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Any tips on photographing purple dahlias?

Posted by steve22802 7a VA (My Page) on
Tue, Jun 18, 13 at 22:35

I'm working on creating my own personal set of photos of each of my dahila cultivars so that I can show people via the internet what cut flowers I have for sale but I'm having a hard time with some of my purples. I just cannot capture the subtle iridescence of Taboo or Purple Joy. They just come out looking more dark red and flat rather than the glowing purple sheen I see with my eyes. Does anyone have any ideas on how to capture a more accurate representation of these complex colors? I know how to set a custom white balance but that hasn't solved the problem.

- Steve

Follow-Up Postings:

RE: Any tips on photographing purple dahlias?

And while we're at it, does anyone know how to get the periwinkle color come out right? No matter what I try, that color always comes out more purple than it should, for me.

RE: Any tips on photographing purple dahlias?

The standard response to that is, do your picture taking on a cloudy day or at dusk.

The most successful answer is, use a post imaging program that allows you to 'tweak' the color on the image to how it really looks to you, with the flower next to the monitor.

Cheating? Well, yeah, but it works!

RE: Any tips on photographing purple dahlias?

steve, a picture with the metadata would help. Hard to suggest what to try when we don't know what equipment you have, the camera settings or the conditions you took them under.

How are you metering the light? Being more of a dark colour if you are letting the camera meter off the flower you may very well be over exposing causing the colours to wash out.

As CC suggested try taking the picture either at dawn or dusk. Manually set your exposure (or try different exposure compensation settings) and use a diffused or bounced flash. You will need to experiment with the angle and strength.


RE: Any tips on photographing purple dahlias?

I forget the technical details, but it has to do with the interaction between blue coloration in flowers and the ultraviolet in sunlight. Film had the same issues. Your camera does not respond to these effects the same way that your eyes and brain do.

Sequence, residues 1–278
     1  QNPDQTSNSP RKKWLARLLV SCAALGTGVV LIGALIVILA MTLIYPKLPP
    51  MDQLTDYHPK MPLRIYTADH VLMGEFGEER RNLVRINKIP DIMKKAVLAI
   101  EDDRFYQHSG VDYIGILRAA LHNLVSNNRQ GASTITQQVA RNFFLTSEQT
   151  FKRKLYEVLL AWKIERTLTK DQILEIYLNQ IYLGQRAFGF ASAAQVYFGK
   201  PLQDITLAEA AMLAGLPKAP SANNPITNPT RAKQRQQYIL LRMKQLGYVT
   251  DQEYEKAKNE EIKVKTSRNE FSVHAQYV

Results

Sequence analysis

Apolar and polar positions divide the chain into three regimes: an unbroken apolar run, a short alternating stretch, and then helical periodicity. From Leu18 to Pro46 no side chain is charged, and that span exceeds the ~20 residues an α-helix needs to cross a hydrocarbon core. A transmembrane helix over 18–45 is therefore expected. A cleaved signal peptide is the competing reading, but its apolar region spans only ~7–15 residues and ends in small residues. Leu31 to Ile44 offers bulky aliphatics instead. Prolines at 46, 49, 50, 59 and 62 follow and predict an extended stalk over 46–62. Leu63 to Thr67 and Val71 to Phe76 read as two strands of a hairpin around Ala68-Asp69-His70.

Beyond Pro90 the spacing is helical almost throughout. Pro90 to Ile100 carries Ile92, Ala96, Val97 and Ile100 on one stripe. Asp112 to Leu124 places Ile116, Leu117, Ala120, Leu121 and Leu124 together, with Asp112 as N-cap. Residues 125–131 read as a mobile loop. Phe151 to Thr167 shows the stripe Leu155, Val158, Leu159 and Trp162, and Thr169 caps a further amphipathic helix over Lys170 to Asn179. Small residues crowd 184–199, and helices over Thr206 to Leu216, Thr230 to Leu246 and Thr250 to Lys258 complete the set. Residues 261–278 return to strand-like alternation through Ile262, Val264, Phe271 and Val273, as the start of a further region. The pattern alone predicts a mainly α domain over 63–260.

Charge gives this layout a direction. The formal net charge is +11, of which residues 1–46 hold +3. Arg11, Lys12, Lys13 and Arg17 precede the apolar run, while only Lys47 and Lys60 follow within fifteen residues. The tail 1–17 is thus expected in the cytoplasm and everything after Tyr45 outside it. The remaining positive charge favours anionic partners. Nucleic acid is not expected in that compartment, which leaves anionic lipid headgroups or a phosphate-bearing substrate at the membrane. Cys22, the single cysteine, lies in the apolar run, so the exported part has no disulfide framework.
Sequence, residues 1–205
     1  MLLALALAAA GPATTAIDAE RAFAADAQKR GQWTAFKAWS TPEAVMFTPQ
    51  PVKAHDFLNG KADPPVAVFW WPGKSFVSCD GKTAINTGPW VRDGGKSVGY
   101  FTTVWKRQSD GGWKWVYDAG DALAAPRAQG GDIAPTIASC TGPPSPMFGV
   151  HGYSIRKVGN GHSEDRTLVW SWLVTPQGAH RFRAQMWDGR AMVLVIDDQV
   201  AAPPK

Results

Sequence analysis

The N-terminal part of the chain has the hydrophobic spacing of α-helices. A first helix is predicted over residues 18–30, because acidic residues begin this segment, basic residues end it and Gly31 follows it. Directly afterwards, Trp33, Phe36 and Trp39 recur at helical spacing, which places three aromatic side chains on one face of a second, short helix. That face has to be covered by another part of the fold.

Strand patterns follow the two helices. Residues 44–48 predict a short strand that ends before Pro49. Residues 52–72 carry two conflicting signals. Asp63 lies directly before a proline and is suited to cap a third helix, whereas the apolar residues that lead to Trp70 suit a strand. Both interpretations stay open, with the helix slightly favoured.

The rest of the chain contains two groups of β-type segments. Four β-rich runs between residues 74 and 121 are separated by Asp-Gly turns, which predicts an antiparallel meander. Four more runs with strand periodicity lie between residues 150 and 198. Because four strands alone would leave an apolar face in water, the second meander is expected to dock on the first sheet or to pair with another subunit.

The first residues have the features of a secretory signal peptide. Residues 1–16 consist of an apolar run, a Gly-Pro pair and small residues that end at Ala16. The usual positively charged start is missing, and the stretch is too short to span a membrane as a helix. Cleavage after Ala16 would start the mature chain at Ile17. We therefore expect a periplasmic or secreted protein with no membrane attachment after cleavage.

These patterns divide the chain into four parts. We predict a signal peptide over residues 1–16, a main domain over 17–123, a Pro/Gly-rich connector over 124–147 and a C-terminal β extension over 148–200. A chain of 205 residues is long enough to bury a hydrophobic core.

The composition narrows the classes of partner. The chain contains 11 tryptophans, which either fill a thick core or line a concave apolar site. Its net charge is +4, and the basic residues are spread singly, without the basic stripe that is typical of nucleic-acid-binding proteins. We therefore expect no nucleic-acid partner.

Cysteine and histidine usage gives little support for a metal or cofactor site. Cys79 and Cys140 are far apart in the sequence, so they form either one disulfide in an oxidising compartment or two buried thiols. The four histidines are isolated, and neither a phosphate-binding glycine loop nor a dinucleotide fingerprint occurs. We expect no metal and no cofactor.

Taking pictures in shade (or dawn or dusk) will result in a blue that is truer to the actual color. If you experiment enough with degrees of shade and light angles, you should be able to capture a photo that looks like your plant, without retouching in photoshop.

RE: Any tips on photographing purple dahlias?

Thanks for the suggestions. I tried photographing Taboo both outdoors early in the morning in soft indirect light and also indoors under artificial light. I set a custom white balance and tried various different exposures. I now have to wait for another bud to open to try again. By the way, the photo on the Swan Island site doesn't seem like a very accurate representation either. I found one on Dave's Garden that seems closer. (Image #166449)

Perhaps one problem with trying to capture iridescence is that what you are trying to capture is a color that shifts when viewed from different angles. Obviously a photograph can only capture one fixed angle so perhaps it is just not possible to capture such subtlety in a fixed image.

RE: Any tips on photographing purple dahlias?

Looks like a good reason to buy a couple soft boxes and a couple more flashes!!

RE: Any tips on photographing purple dahlias?

This subject has been discussed on dahlia sites for very many years. Part of the problem that is never mentioned is that computer monitors need to be calibrated also. The deep purple color does not appear on a computer screen easily. We have two digital machines, the digital camera and the computer and monitor that must be in total sync.

I have taken some better purple flower pictures with the sunlight coming from behind the bloom and shining through some of the outer florets. Carefully focus on the center of the bloom and set the camera to show the center clearly and even though the light coming through the florets may be
over exposed, the center of the bloom will have accurate color. Easier said than done. I suppose one step further would be to reflect some light onto the center of the bloom also.

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